Right now comic Hannah Gadsby is riding an extraordinary wave of success.
Her latest, and possibly last show, Nanette, has won just about every award going, including the top prize at the Edinburgh Comedy Festival.
The show is the story of Hannah’s experience growing up as a gay woman and an explanation of how she’s mined that life for stand-up comedy.
In it she refuses to edit the uncomfortable bits from her personal story, she leaves it all in.
In her own words, she’s not interested in making audiences “feel better” any more by giving them a laugh to break the tension. She makes them confront some of their own possible biases and prejudices against her.
I suggested we interview Hannah for 7.30 because I found that concept really interesting and I had noted how much acclaim her show was getting around the world.
But I was a bit worried about interviewing her, truth be told.
Her public persona is somewhat depressed and awkward and I wasn’t sure if we’d be able to have a good conversation on camera.
I should have remembered that people’s public personas are rarely a full reflection of what they’re like and as soon as Hannah arrived, I could see that she was going to be fantastic.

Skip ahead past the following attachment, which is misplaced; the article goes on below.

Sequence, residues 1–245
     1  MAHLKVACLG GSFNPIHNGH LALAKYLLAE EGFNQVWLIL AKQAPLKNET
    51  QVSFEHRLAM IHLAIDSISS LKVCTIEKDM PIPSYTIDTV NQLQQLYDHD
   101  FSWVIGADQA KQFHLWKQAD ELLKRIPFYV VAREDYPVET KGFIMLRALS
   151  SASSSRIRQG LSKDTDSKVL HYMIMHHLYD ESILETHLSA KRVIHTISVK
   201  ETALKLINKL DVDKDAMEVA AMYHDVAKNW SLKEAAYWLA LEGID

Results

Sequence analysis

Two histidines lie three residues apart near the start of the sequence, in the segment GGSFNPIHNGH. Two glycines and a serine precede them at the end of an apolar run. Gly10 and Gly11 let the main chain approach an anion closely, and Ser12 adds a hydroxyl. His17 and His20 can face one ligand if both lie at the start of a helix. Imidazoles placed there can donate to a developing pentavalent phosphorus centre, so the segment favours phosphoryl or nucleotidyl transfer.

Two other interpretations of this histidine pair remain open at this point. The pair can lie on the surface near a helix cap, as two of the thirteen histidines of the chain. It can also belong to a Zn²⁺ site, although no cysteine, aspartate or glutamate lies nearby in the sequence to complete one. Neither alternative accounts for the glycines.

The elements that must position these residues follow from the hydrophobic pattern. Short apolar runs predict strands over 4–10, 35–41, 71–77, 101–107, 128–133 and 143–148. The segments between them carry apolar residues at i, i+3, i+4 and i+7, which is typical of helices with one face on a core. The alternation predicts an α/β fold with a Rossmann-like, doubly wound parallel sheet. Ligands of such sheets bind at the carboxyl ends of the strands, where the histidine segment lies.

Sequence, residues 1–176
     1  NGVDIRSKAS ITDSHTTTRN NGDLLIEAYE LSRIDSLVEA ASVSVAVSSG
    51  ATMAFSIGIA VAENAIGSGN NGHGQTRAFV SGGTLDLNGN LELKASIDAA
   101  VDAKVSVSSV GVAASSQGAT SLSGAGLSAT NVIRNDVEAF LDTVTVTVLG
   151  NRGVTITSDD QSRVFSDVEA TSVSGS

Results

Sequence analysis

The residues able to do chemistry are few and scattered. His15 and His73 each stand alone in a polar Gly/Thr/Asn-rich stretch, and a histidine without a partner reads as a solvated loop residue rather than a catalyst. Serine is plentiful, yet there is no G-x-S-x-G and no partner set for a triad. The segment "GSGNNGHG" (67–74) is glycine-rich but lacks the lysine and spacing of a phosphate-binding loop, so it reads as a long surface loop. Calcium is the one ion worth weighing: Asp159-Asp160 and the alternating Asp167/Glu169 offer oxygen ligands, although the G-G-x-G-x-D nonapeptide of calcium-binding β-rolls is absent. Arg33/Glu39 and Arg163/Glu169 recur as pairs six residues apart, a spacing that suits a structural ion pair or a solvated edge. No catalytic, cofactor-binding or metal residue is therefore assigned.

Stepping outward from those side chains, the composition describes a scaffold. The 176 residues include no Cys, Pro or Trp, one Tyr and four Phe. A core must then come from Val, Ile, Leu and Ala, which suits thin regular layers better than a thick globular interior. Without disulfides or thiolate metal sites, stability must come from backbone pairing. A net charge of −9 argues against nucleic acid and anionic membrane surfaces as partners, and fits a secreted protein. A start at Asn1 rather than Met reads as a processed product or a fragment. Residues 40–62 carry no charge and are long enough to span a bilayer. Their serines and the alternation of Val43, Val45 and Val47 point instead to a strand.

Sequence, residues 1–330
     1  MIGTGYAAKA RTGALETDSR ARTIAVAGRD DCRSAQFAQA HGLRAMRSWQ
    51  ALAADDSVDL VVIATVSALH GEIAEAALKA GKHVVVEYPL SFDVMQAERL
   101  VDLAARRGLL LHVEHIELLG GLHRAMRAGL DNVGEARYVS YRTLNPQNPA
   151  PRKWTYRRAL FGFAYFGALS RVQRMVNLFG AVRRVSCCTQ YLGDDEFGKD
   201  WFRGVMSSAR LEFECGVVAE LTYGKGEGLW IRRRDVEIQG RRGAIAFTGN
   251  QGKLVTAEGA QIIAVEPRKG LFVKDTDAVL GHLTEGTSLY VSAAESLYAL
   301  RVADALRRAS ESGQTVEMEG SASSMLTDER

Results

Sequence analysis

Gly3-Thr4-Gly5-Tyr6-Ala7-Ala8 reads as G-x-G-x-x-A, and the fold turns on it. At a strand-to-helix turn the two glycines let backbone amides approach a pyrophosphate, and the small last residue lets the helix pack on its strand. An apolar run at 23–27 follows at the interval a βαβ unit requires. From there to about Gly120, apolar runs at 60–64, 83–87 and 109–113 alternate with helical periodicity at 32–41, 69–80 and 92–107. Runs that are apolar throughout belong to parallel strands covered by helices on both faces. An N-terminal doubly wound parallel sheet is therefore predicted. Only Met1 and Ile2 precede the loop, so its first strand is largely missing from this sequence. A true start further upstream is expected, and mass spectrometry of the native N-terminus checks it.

We yapped away like a couple of biddies over the back fence and that didn’t change once the cameras rolled.
It’s one of my favourite interviews of the year so far because she was so interesting and thoughtful.
Here are five things she said that really stuck with me:
Toning things down
Bizarre things happen to Hannah, so she has to tone down the more implausible parts of her life to make it more believable for an audience.
Comedy has its limitations
Despite being a comic, she can see the limitations of stand-up comedy because you always have to keep the laughs coming.
The same sex marriage survey is personal…
She thinks a No vote would be devastating and has seen an increase in people being hateful.
But she thinks it’s also unfair to no voters
Despite being gay, she understands that some No voters have genuine concerns.
She loves art but…
As a former student of Australian art history, she thinks some people speak like wankers when they talk about art.